When you look around you, what colour do you most often see? Outside of neutral brown, beige, white, and black, you will probably see blue, green, red, and yellow or combinations of them. Depending on your home décor choices, what store you are in, or what the weather is like, the colors will be in different quantities. However, blue is likely to predominate in most situations. Websites favor blues, and even our daily computer programs, like Word, lean toward a blue theme.
What is it about blue that makes it such a likeable and fascinating color?
I honestly do not know for sure. It may be that, when we are infants, and the sunny and brilliantly cheerful days first begin coming, our eyes notice the silvering blue in the sky and associate it with the sun, and good things. Historically, the fascination of the ocean, a boundless expanse of waves that refused to be crossed or tamed was hidden within a deceptive aquamarine blue.
With the rare, but powerful, incidents of natural blue. One must wonder when and how blue was first applied to cloth. In the historical realm, blue and red were the two colours that impacted wars, colonizing, and revolutions.
In northern countries, the deep navy blue of a wild sea, or the night time heavens, was rare and nearly unobtainable. The deepest shades of blue were expensive, and reserved for those who could afford them, royalty, nobles, and the odd unusually wealthy person. Light blues were more common, obtainable at home from local materials and easily dyed. While in commercial dye establishments, blue was the least favorite of the dyes and dyers of blue were excluded from the dye guilds (probably due to the smell).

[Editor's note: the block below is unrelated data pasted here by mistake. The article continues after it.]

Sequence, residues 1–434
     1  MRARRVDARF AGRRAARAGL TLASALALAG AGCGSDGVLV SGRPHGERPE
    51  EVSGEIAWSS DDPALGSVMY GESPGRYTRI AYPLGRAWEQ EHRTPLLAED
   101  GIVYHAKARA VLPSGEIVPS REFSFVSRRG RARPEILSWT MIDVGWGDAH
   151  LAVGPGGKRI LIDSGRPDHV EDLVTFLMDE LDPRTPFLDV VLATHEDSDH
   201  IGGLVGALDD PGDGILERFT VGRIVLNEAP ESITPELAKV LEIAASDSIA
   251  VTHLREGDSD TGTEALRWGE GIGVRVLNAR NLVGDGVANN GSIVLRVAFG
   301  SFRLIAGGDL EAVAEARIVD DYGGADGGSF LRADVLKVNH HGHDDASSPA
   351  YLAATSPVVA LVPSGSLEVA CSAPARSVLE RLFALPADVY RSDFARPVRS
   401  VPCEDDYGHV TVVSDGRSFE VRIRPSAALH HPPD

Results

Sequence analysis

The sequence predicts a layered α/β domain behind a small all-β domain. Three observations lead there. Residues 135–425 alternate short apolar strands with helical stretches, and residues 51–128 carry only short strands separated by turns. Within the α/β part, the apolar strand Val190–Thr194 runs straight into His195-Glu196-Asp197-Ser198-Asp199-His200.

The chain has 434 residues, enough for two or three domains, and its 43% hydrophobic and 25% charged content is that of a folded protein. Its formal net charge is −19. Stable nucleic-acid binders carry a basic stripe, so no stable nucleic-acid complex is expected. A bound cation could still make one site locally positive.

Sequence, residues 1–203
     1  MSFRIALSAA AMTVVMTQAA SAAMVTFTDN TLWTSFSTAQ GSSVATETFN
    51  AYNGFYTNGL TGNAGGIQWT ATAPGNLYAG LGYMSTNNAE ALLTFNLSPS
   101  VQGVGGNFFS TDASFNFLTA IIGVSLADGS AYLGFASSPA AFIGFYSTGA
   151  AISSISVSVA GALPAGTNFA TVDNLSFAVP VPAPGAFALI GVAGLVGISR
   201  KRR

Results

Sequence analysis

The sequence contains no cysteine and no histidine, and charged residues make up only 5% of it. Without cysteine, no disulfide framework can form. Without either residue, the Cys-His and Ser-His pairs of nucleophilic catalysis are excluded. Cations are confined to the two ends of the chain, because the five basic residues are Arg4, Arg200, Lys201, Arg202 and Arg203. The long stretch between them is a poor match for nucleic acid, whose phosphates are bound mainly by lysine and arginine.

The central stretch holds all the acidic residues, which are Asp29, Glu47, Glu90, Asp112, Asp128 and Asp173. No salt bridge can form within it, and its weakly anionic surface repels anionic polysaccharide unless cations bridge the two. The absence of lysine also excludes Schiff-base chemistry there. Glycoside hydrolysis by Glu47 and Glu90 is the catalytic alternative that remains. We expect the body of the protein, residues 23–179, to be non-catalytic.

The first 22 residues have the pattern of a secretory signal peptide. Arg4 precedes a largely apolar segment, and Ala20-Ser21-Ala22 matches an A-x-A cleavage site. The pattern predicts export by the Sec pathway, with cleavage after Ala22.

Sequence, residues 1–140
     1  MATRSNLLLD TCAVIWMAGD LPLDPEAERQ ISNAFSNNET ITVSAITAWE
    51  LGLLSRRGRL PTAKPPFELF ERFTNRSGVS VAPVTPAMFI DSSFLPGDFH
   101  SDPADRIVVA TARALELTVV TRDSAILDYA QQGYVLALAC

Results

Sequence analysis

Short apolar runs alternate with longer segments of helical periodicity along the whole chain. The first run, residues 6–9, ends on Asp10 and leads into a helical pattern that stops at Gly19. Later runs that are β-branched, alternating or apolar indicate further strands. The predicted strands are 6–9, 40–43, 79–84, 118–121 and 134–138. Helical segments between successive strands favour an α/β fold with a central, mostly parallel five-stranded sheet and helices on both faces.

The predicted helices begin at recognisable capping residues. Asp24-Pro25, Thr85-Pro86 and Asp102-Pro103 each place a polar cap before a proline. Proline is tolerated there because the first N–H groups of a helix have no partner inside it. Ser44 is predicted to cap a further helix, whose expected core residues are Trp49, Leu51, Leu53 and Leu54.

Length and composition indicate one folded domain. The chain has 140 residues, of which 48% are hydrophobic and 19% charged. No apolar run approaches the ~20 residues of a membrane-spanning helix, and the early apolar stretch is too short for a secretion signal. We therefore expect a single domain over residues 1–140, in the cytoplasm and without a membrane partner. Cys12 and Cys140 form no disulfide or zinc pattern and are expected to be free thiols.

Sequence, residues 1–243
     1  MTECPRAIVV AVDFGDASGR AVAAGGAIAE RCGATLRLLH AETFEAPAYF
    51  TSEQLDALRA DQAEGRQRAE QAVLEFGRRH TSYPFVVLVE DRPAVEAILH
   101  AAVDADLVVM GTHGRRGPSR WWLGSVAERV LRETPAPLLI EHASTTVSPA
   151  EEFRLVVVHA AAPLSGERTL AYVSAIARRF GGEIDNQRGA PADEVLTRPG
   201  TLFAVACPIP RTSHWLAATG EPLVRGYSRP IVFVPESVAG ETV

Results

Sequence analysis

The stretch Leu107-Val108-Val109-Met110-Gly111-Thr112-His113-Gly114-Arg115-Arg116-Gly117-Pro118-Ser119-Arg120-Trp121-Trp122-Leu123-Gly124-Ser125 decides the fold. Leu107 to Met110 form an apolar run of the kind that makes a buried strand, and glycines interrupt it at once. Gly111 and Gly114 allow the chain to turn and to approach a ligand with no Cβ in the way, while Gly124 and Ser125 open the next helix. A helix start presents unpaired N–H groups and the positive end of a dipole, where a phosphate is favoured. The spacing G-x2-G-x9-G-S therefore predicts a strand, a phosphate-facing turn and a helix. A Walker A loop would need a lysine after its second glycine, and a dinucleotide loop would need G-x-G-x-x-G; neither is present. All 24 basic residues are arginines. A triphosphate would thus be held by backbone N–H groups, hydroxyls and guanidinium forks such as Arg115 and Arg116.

The darkest shades of blue, for northern countries, had to be imported from India and other far-away places. The Indian Indigo was stronger than what they could produce with Woad, and with dark colours an emblem of wealth and status, the Indian Indigo found itself to be quite in demand.
However, with the rapid increase in availability the use of the local woad blue had a corresponding decrease. While it was still used by households, the commercial dyers only used woad as a boost to the Indian Indigo fermentation vat. This action led to a blue deficit during the sea blockade of the French Revolution, not a good thing when your army’s uniforms are all blue.
While purple and red were the first synthetic colors produced, blue was not far behind. Now, blues are among the most prevalent colors from sports jerseys to nightwear, all aspects of life have a hint of blue.
Today’s Fashion: An Unsustainable Truth
Today, indigo remains one of the most widely used colors. Synthetic indigo is being used by the ton to dye blue jeans and denim, mostly in countries that lack sufficient ecological protocols to prevent land and water contamination. And the fabric so dyed ends up in North American and Western stores, as one of the most common, and often inexpensive, clothing items ever, blue jeans.
Jeans are the easiest clothing item to locate that is dyed with synthetic indigo. However, any blue-dyed fabric that fades from friction is also dyed with synthetic indigo. Now, why is this compound a problem?